Friday, January 27, 2012

Cedar Clearing

With a nice corridor linking the brush pile to the cedar clearing area, I’m ready to begin cutting cedars. 

At this point in the process, I like to go around and cut everything that can be handled by Big Loppers.  This gets a lot of the eye blocking greenery out of the way and gives you room to work with the saw around the larger cedars.

To help carry the smaller cedars, I use a willowy seven foot cedar as a bundling strap.  I put the strap on the ground and lay a bunch of cut cedars across it.  I then grab the strap on each side of the pile and lift the whole collection up to move to the brush pile.

When I pile the material, the top of the cedar strap is caught between the brush pile and the material being carried.  By taking the butt of the cedar and forcing it in and down through the pile, you can bind the material and affix it snuggly to the side of the pile.  Additional bundles can be stacked up to a height of about four feet.  Trying to go any higher is usually unsuccessful because of the difficulty of holding the bundle together as you lift it for placement.  I like to call this the Jelly Roll method of stacking cedars.  It really works best with cedars in the five foot range.  The cedars shown here are about twice that size.

After I’ve finished with Big Loppers, I use Little Bow to take out the larger trees.  I just start at the corridor and keep working outward until I reach the edge of the work area.

Stumps give a good picture of the density of the cedar stand.  Little Bow does a good job of cutting things close to the ground, so there are no tall stumps left.  It’s really a nuisance to trip over cedar stumps when you walk through the prairie.  I would also like to avoid the pain involved with kneeling down to look at a plant and getting jabbed in the shin by a cedar stump.  By next winter the stumps will have turned gray and will be hardly noticeable.  It may take 15 or 20 years before they decompose and disappear.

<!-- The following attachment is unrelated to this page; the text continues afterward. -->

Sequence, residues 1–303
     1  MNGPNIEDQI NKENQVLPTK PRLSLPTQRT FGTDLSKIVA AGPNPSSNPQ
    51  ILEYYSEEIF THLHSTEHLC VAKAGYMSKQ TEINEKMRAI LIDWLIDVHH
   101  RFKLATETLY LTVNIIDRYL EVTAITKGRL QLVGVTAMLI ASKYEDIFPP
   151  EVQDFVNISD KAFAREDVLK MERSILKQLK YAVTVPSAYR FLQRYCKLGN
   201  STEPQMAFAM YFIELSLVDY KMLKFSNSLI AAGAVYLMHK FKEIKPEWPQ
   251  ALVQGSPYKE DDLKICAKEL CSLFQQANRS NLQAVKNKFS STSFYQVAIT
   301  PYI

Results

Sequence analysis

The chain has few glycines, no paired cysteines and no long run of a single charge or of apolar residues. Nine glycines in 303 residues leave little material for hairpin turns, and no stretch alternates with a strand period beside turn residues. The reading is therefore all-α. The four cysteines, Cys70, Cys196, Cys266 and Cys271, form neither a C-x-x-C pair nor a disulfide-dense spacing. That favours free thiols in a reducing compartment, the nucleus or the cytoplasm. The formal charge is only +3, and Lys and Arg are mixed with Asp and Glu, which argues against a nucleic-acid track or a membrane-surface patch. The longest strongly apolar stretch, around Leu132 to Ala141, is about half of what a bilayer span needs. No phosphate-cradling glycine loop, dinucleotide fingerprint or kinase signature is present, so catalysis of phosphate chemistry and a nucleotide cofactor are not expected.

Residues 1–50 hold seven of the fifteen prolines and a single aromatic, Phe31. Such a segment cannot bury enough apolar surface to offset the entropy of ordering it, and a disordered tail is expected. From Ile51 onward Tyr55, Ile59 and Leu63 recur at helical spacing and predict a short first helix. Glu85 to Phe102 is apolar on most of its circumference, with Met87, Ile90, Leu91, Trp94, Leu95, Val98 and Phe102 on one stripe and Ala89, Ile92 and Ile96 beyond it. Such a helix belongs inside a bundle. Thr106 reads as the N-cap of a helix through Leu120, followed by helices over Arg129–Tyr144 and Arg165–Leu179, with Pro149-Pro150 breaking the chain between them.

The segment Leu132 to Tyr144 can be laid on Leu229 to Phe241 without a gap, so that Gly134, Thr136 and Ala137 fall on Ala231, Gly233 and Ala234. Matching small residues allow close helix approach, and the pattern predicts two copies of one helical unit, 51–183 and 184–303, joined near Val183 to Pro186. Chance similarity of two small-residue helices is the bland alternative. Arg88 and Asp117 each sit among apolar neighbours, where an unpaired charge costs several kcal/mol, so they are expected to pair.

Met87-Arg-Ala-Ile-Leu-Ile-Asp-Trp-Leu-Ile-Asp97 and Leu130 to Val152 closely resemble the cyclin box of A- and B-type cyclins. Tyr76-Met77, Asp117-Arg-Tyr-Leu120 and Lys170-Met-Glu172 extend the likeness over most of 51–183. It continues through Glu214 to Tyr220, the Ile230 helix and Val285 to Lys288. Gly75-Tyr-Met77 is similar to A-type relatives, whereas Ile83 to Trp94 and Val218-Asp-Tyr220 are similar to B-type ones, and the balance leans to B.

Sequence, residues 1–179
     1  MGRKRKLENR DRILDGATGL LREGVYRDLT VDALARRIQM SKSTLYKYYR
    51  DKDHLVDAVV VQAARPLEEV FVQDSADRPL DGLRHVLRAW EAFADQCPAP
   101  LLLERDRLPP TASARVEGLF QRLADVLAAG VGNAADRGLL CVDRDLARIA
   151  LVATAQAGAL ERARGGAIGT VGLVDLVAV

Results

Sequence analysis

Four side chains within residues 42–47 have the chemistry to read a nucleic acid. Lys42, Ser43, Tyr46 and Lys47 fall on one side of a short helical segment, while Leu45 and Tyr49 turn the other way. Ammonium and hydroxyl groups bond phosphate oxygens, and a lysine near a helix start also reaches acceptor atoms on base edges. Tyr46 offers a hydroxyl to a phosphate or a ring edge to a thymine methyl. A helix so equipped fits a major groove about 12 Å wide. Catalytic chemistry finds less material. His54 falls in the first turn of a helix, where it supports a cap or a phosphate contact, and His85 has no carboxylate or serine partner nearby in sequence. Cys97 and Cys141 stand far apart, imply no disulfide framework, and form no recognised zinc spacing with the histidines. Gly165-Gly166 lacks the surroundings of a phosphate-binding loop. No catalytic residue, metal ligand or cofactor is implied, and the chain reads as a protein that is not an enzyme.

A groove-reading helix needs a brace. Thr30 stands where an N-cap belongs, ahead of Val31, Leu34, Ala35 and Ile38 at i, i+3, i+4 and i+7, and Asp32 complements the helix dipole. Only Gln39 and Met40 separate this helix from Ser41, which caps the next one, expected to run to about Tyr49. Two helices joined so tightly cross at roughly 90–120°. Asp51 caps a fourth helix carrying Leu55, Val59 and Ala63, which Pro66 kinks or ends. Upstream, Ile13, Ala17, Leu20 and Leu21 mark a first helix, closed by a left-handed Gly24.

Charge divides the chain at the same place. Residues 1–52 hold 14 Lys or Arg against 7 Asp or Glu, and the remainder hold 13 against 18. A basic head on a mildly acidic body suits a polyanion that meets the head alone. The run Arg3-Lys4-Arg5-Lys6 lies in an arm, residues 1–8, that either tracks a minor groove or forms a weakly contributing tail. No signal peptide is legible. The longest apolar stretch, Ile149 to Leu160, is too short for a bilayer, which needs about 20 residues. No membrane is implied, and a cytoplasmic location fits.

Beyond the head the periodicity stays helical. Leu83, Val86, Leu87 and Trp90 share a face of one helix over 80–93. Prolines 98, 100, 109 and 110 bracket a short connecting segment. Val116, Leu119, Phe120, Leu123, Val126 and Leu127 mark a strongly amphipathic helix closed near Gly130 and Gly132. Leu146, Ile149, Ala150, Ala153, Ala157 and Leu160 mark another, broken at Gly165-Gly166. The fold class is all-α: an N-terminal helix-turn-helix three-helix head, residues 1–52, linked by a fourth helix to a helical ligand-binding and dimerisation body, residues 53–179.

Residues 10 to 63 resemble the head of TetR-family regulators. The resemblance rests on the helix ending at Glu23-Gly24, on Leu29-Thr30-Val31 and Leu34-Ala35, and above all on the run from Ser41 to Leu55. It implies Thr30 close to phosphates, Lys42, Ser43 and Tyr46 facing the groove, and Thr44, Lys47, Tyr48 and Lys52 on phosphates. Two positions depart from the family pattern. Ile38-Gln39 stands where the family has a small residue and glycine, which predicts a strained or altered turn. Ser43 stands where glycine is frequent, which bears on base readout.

I managed to add some bulk to the brush pile before being halted by thawing ground.  The brush pile base is as large as it will get.  A few more hours of clearing will take the height up to its maximum limit.  Weather forecasts are predicting a slightly warmer trend with more rain, so I don’t know when I’ll be seeing frozen ground again.

Dragging cedars across frozen ground gives the vegetation a raked appearance, but there’s no soil compaction and the plants suffer very little damage.  If my activities were continued into the warm afternoon, I would create a muddy, trampled path in the thawed earth.  By the middle of next summer, there won’t be any evidence left of my dragging activities.

Even if I don’t get back to this project this year, I’ve made a clearing large enough to bring in a lot of sunlight.  The prairie vegetation should respond favorably to the new situation. 

No comments:

Post a Comment